Burma days: Yangon

We spent one day in Yangon. It was great – gritty, dilapidated, old colonial grandeur crumbling and paint peeling before your eyes. We stayed stayed at a nice wee place on Barr Street (Chan Myaye Guesthouse), which was run by young and earnestly professional men and women. They served up an excellent breakfast of rice with raisins and cashew nuts and a fried egg, along with truly delicious sweet coffee that I later learnt was made with condensed milk (the same tastiness cannot be said of the tea with condensed milk, which I made the mistake of tasting later).

Barr street falling apart before your eyes

We walked over to the train station, hoping to get tickets for the legendary old sleeper train but found their were no tickets left. We walked back past the slums by the railway tracks and got our helpful hosts to book us the last and shittest seats in the next overnight bus to Bagan.

We had the afternoon free so decided to walk over to the Shwedagon Pagoda. Caught in a rainstorm just over halfway, we sheltered in a little coconut stand for about half an hour before carrying on.

Once at the temple, we had to take your shoes off at the bottom of the hill to the temple and walk up a covered staircase with touristy shops selling tat on either side. Once at the top, it became clear that foreigners AKA white people had to pay £7 to get in, quite a lot when you consider a meal for two is about £2. Hugo balked and didn’t go but I hadn’t come all that way to stand at the door so I paid up and went in.

I spent about an hour looking around the temples – the huge golden pagoda is just one part of a massive complex, home to an army of Buddhas (and a replica of the Buddha tooth relic, which I saw in Sri Lanka). Most interesting was seeing the normal people going about their business – some praying but most chilling out; chatting, eating or even napping beside the shrines. The buildings were impressive but my little map didn’t have that much information so I didn’t learn all that much.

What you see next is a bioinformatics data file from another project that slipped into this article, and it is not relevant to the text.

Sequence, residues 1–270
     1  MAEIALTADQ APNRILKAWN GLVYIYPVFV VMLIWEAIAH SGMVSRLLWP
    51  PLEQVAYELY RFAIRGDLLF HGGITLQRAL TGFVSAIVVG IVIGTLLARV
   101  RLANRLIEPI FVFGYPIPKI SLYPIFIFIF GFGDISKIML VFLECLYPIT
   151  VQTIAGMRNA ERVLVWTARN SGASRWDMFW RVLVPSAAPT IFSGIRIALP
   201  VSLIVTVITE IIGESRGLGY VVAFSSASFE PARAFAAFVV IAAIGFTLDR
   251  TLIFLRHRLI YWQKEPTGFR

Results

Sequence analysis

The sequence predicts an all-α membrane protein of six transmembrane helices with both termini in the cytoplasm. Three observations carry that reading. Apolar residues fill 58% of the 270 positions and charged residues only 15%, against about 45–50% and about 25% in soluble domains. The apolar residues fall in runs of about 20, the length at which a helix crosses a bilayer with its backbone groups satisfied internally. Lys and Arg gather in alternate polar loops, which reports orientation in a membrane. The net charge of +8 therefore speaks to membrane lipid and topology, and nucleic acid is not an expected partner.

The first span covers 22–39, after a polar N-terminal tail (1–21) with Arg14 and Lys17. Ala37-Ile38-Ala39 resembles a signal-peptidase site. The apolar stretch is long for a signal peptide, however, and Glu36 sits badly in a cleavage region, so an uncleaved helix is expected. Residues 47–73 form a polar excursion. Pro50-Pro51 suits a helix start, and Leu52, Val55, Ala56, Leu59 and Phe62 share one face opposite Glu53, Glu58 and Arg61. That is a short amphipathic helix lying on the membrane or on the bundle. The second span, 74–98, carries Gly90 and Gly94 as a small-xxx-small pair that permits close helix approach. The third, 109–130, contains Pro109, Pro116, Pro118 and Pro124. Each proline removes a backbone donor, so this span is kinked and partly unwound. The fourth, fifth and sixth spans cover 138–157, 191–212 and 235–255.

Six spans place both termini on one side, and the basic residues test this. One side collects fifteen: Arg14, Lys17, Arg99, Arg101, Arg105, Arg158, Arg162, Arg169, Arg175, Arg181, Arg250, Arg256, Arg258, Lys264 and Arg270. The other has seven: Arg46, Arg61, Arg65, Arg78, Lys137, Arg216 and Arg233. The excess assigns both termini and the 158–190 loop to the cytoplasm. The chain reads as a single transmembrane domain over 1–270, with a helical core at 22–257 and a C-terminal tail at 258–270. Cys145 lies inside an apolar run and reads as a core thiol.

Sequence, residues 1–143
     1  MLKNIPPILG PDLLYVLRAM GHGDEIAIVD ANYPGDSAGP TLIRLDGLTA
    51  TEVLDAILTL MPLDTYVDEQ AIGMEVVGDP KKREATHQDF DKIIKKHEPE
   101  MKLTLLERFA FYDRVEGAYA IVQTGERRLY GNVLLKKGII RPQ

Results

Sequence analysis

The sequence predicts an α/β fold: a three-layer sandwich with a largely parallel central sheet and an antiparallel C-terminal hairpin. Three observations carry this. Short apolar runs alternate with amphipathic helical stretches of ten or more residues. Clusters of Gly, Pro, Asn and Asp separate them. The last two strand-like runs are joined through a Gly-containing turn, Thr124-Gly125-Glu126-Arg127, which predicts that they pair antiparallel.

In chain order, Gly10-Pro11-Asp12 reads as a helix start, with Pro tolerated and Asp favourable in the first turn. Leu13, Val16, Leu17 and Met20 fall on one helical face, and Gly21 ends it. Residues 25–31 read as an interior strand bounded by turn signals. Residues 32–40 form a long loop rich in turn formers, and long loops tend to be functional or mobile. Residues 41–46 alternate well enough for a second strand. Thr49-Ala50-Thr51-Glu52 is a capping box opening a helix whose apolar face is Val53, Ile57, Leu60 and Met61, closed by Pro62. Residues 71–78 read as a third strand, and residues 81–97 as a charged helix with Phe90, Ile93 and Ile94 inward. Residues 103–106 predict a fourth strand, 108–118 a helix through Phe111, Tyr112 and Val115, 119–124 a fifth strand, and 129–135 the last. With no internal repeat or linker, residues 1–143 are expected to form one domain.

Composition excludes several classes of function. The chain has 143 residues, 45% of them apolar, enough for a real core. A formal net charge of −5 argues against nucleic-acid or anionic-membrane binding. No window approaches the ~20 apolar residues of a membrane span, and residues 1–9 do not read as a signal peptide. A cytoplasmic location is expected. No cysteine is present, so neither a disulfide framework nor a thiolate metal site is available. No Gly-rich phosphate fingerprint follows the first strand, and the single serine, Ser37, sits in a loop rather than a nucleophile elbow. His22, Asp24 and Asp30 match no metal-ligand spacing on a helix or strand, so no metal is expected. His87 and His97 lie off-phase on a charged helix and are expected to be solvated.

When I came back, I found Hugo sitting next to a tour guide who was taking a lunch break, chatting about everything from the temple to their shared interest in martial arts. He probably got more out of sitting at the door than I did from going in. #greeneyedmonster

We walked back through the busy streets of Yangon, taking a little detour through a park with a green lake and the rickitiest wooden walk walkway over it. The wooden planks were rotten almost to the core and moved about underfoot. I heard the headline in my head: “Scottish woman drowns in Yangon after foreseeable accident”.


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